What is the healthiest rice?

Rice has been one of the most widely produced and consumed grains worldwide for centuries, and for good reason. Rice contains fiber, carbohydrates, vitamins, minerals and even some healthy proteins and fats. It is a versatile grain that appears everywhere and can be used in almost any dish. There are several types of rice based on differences such as kernel size, aromatics, processing and color.

Here we explore four different types of rice: white, brown, black and red, based on color and what contribution they may or may not make to our diets. For recipe ideas, check out 5 Healthy Brown Rice Recipes for Weight Loss.

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The most common of all rice varieties, white rice is ubiquitous in many places in the grocery store, is often a staple ingredient in meal kits, and appears on many popular restaurant menus. It’s an affordable food that soaks up flavor and pairs well with a wide variety of dishes, from curry to sushi to jambalaya and everything in between. White rice is a fortified rice, usually containing added iron, thiamin (vitamin B1), niacin (vitamin B3) and folic acid. It has been ground to remove not only the outer husk, but also the bran and germ layers of the kernel. It has about 160 calories per dry ¼ cup.

integral rice
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Brown rice is one of the most recognized whole grains, along with some of its cousins ​​such as oats, whole wheat and quinoa, as it contains the three important parts of the grain: bran, endosperm and germ. Interestingly, however, brown rice only has about 1.5 more grams of fiber on average per ¼ cup dry serving compared to white rice, so it doesn’t have the same fiber impact as other whole grains in the market against their refined counterparts. While the extra gram of fiber, which is mostly insoluble, can be helpful for digestive health by acting as a mild laxative, the difference isn’t as striking as, say, a sweetened refined cereal versus a bran cereal.

cooked forbidden rice
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Black rice, also known as purple, forbidden, or emperor rice, has been popular among eastern cultures for years, but has been slower to make its way into the western part of the world. Black rice looks black when dry, but once cooked, it takes on a more purple hue. This heirloom rice has been studied for its concentration of anthocyanins, a flavonoid pigment, which may be associated with cardiovascular disease, cancer and protection against neurodegenerative diseases. Black rice packs a bigger punch in fiber and protein than brown rice, at around five grams of protein and three grams of fiber per ¼ cup dry serving. Black rice is best enjoyed in porridge, rice salads or as fried rice.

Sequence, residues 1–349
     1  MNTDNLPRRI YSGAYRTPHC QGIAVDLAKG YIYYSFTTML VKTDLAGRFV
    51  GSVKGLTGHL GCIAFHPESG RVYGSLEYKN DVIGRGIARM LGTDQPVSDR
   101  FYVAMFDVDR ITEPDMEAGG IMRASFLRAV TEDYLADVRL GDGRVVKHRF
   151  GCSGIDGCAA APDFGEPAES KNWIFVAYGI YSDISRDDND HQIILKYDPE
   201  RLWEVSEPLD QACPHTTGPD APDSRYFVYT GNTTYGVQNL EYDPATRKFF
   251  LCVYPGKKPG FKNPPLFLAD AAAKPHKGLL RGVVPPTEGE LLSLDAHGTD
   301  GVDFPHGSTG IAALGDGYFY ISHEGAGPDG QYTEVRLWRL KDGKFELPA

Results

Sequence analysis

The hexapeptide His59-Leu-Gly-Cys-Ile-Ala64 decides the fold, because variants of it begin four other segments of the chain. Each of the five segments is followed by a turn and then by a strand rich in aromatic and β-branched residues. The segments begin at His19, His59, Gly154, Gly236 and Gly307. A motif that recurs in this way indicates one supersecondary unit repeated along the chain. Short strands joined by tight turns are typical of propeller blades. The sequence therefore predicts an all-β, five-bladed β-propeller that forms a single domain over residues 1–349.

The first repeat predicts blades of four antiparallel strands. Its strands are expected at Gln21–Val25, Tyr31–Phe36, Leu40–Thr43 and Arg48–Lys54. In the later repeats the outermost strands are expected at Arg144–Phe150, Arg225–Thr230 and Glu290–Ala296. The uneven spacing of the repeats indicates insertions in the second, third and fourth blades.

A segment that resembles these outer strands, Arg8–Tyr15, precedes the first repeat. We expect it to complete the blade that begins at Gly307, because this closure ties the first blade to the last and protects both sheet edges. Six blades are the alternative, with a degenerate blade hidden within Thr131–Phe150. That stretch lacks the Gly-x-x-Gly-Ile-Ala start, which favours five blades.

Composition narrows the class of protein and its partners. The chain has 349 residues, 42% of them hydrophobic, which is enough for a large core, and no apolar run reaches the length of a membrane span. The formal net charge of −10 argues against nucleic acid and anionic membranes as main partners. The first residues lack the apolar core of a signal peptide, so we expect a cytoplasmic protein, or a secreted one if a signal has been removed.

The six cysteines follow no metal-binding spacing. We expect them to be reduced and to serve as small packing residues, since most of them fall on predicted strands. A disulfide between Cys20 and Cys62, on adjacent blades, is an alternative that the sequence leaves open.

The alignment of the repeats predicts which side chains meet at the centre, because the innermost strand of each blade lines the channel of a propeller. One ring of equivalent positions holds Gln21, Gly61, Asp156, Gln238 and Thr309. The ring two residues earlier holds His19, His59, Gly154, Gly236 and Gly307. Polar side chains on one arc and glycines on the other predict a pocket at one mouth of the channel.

red rice in bowls with a fork and spoon
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Red rice is a deep red, honey-colored grain with a slightly salty, nutty flavor and chewy texture. Some existing research has investigated the positive inhibitory effects of red rice on leukemia, cervical and stomach cancer cells due to its proanthocyanidin content. Red rice may also have anti-diabetic effects, as studied in a 2016 paper Journal of Agricultural and Food Chemistry. The study found a 2.3- to 2.7-fold increase in basal glucose uptake (important for proper blood sugar regulation) from exposure to red rice bran extracts. Analyzes of various types of rice also tend to find that red rice is higher in tocotrienols, a form of vitamin E, which is linked to neuroprotection, anti-cancer activity and cholesterol-lowering qualities. Red rice works wonderfully in pilafs, salads and soups.

So, which rice should you choose? Select a rice that suits your taste buds and is suitable for certain dishes, making sure to check the ingredients to avoid added seasonings or salt so you can control these additions in your cooking. If you’re open to any form of rice to round out your meal, snack, or dessert idea, look to black rice as your top choice for its impressive fiber, protein, and potential chronic disease-fighting abilities.

Molly Hembree, MS, RD, LD

Molly Hembree, MS, RD, LD, is a nationally recognized registered dietitian. Read more about Molly

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